The Casale di Malborghetto was originally a four-faced arch located at the intersection of via Flaminia and a road between Veii and via Tiberina, built in the early 4th century AD. to commemorate Constantine's victory over Maxentius in 312 AD.
According to tradition, the monument would have risen on the site of Constantine's camp, where the emperor would have had the vision of the cross that determined his victory and the triumph of Christianity. The arch, of which the brick structure is visible, was covered with marble slabs, with Corinthian columns on the main fronts.
In the Middle Ages the arches were closed and a church dedicated to St. Nicholas was erected inside. Already in the thirteenth century the church must have disappeared and the building transformed into the main tower of a fortified village called Burgus S. Nicolai de arcu Virginia.
The village was besieged and set on fire in 1485 by the troops of the Orsini, during the struggles between them and the Colonna, and since then it has been called "Malborghetto", maybe because it was in a state of abandonment.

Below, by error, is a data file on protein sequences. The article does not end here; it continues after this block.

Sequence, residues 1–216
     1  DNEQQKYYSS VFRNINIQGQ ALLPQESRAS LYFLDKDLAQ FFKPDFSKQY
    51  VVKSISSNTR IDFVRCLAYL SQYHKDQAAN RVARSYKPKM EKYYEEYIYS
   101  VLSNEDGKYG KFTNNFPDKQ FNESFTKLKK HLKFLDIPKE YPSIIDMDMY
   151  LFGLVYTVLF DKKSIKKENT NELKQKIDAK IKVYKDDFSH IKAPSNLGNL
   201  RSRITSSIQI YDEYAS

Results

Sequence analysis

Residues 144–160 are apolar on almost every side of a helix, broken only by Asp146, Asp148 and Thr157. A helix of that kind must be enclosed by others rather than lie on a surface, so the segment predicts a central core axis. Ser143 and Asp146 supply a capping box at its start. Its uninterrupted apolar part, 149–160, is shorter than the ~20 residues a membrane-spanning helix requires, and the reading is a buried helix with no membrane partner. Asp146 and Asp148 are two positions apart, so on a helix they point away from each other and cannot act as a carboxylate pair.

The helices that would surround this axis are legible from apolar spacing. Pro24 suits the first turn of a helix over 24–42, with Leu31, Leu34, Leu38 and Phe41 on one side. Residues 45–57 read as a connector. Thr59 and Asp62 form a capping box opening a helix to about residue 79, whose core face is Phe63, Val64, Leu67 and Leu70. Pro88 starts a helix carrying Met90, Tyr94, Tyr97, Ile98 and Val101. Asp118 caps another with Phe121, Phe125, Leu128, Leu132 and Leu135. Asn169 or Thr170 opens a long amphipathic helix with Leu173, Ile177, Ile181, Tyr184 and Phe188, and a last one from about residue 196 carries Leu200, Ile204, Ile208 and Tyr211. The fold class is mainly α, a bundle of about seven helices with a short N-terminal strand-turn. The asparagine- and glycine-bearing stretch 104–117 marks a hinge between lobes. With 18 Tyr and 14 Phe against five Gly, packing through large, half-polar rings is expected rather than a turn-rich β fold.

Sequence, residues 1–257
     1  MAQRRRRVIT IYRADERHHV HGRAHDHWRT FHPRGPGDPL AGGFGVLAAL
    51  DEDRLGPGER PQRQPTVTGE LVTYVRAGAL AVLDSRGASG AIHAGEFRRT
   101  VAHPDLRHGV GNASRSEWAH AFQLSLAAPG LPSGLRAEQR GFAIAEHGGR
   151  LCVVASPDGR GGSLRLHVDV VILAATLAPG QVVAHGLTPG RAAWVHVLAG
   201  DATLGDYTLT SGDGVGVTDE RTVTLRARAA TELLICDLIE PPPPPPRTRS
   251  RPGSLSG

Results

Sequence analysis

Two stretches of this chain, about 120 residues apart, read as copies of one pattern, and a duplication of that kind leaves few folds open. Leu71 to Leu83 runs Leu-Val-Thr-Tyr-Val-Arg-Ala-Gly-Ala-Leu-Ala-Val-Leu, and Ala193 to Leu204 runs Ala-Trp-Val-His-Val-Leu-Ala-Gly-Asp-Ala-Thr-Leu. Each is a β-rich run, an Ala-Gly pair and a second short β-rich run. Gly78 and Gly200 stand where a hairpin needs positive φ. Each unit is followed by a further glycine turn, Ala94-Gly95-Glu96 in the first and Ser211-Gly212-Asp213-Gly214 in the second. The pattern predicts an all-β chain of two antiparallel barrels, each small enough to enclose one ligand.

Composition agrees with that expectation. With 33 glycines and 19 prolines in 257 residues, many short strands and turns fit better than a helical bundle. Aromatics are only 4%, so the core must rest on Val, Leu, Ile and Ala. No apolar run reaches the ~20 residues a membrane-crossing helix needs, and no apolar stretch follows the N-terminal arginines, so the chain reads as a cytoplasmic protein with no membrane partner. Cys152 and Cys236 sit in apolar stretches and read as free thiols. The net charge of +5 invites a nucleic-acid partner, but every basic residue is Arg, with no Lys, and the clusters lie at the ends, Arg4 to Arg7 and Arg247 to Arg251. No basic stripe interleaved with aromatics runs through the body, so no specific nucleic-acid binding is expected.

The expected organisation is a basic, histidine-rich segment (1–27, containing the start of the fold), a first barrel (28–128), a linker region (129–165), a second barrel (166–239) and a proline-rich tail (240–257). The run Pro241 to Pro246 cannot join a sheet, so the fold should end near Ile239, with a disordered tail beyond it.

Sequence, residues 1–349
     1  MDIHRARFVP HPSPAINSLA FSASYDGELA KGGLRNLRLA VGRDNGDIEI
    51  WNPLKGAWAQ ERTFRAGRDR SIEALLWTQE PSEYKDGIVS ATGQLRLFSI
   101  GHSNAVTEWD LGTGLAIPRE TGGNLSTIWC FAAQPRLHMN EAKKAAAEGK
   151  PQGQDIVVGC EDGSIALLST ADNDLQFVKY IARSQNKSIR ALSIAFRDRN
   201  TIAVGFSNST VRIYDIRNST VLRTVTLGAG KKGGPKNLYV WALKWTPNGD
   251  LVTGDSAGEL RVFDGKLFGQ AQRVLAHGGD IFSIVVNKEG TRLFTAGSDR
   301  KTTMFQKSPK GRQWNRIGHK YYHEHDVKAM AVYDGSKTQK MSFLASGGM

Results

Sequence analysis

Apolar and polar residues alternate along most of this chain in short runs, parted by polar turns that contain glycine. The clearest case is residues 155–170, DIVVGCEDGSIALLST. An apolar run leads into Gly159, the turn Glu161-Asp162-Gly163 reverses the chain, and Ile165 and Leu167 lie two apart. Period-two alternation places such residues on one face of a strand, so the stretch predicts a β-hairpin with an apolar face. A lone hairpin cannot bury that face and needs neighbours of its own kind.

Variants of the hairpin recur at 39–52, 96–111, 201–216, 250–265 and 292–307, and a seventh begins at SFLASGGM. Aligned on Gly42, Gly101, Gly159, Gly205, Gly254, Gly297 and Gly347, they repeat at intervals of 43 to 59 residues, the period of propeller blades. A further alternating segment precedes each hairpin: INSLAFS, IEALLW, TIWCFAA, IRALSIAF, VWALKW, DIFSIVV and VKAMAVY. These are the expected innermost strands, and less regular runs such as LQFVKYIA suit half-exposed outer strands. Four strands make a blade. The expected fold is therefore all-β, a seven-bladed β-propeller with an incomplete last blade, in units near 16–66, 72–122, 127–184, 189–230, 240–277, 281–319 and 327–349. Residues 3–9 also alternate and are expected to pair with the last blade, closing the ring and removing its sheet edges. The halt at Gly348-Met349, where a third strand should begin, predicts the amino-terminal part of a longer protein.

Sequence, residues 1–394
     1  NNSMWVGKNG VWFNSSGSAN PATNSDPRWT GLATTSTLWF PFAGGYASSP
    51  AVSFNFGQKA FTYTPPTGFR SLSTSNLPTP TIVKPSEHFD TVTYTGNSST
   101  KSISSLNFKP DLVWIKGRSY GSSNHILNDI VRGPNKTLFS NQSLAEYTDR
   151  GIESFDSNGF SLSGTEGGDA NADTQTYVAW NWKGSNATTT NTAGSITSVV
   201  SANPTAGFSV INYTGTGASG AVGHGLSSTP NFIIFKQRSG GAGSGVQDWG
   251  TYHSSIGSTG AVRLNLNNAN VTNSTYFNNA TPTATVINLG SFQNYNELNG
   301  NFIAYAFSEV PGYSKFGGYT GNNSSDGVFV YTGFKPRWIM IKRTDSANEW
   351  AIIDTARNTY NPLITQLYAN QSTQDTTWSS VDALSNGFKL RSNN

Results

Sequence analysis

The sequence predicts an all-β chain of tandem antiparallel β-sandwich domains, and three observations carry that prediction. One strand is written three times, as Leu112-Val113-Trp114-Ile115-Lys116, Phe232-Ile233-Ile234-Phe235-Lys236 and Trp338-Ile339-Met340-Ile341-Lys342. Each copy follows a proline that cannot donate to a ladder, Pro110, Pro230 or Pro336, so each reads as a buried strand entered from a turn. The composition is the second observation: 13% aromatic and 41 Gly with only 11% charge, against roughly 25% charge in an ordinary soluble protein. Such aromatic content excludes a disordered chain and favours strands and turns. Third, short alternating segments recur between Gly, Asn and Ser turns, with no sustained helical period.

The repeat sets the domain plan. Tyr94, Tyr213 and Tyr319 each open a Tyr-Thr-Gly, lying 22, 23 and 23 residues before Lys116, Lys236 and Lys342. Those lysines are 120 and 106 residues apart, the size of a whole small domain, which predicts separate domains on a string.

The building, which had now become a farmhouse, was used as a tavern in the seventeenth century, while in 1744 a post office with a stable and a small church was installed there.
Purchased by the Italian state in 1982, after excavation and restoration work, now hosts a small museum which preserves Roman vases and ceramics from the 16th-19th centuries. Interesting is the room on the ground floor where headless statues from the Grottarossa area and a funerary altar found in Tor di Quinto near Ponte Milvio are exhibited.
For the opening times and guidelines please check the official website
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